Reduced cold pain tolerance in chronic pain patients following opioid detoxification

Jarred Younger, Peter Barelka, Ian Carroll, Kim Kaplan, Larry Chu, Ravi Prasad, Ray Gaeta, Sean Mackey

Research output: Contribution to journalArticlepeer-review

18 Scopus citations


Objective: One potential consequence of chronic opioid analgesic administration is a paradoxical increase of pain sensitivity over time. Little scientific attention has been given to how cessation of opioid medication affects the hyperalgesic state. In this study, we examined the effects of opioid tapering on pain sensitivity in chronic pain patients. Design: Twelve chronic pain patients on long-term opioid analgesic treatment were observed in a 7- to 14-day inpatient pain rehabilitation program, with cold pain tolerance assessed at admission and discharge. The majority of participants were completely withdrawn from their opioids during their stay. Outcome Measures: We hypothesized that those patients with the greatest reduction in daily opioid use would show the greatest increases in pain tolerance, as assessed by a cold pressor task. Results: A linear regression revealed that the amount of opioid medication withdrawn was a significant predictor of pain tolerance changes, but not in the direction hypothesized. Greater opioid reduction was associated with decreased pain tolerance. This reduction of pain tolerance was not associated with opioid withdrawal symptoms or changes in general pain. Conclusions. These findings suggest that the withdrawal of opioids in a chronic pain sample leads to an acute increase in pain sensitivity.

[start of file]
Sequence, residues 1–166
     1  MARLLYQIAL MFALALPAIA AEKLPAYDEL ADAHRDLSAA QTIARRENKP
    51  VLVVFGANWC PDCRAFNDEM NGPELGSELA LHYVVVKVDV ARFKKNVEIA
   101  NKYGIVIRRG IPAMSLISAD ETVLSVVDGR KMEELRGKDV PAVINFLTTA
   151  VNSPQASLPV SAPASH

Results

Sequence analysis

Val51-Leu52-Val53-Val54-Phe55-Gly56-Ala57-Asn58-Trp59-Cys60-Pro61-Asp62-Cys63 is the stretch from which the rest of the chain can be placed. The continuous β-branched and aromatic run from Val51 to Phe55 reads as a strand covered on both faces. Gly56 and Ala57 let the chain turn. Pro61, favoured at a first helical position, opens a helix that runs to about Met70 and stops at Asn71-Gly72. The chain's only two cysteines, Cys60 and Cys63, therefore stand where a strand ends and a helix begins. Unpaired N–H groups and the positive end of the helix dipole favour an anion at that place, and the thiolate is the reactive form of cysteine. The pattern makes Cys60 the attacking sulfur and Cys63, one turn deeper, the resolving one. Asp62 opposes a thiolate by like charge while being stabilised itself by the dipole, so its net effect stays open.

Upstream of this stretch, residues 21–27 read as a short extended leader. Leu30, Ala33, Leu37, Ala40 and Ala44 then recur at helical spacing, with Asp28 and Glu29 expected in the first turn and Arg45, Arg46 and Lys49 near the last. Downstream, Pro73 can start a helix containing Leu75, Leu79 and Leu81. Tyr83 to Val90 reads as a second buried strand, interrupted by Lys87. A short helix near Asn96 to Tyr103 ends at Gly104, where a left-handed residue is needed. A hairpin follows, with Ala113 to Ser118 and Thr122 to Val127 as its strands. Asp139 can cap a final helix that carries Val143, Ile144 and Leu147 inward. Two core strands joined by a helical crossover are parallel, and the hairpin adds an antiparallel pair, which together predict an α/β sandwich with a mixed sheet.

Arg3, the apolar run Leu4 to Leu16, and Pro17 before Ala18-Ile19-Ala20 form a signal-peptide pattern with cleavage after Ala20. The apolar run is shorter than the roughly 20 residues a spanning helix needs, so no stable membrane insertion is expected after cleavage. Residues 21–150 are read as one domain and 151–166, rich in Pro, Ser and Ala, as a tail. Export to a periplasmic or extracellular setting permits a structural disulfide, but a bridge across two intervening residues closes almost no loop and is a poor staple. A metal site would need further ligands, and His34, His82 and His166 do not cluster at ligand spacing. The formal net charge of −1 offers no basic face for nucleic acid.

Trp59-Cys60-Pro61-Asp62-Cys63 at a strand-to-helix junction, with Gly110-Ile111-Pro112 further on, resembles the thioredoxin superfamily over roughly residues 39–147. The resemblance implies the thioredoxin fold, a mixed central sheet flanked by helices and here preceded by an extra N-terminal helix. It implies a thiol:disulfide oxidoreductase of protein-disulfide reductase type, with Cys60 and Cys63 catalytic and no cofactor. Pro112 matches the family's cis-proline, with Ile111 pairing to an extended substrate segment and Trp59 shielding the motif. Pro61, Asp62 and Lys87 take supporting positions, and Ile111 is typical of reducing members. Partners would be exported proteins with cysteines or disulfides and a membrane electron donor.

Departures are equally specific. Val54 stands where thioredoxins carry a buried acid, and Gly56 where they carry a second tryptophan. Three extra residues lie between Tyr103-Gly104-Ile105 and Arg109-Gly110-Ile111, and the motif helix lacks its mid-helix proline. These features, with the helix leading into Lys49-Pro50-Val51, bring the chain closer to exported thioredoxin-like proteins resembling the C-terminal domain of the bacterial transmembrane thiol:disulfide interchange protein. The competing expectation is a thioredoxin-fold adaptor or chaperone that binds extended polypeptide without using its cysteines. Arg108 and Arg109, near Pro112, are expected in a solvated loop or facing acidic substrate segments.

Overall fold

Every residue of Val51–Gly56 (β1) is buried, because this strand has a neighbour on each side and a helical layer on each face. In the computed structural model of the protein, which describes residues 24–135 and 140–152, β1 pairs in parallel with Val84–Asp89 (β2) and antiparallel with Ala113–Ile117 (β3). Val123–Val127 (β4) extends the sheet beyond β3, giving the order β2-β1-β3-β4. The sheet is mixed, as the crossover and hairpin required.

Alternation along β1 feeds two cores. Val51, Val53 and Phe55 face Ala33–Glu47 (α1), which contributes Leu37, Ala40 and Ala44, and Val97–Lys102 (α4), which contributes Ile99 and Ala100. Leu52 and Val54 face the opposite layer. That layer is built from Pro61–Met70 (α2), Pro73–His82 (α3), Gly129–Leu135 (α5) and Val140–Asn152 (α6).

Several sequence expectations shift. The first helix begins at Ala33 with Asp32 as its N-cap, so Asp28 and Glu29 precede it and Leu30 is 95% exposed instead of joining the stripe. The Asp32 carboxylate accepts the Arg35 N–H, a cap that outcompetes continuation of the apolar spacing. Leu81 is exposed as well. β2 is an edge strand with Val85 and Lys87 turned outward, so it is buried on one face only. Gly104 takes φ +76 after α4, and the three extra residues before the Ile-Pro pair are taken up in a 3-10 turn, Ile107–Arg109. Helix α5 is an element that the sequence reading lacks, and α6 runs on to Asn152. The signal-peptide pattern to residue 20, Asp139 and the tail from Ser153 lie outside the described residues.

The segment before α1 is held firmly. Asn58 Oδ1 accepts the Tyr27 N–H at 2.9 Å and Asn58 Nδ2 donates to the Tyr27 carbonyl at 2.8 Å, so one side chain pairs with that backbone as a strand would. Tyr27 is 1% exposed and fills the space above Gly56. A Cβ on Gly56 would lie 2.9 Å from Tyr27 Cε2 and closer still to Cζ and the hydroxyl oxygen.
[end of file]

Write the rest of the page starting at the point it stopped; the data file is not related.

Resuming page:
Original languageEnglish (US)
Pages (from-to)1158-1163
Number of pages6
JournalPain Medicine
Issue number8
StatePublished - Dec 3 2008
Externally publishedYes


  • Chronic pain
  • Cold pressor task
  • Hyperalgesia
  • Opioids
  • Taper

ASJC Scopus subject areas

  • Clinical Neurology
  • Anesthesiology and Pain Medicine


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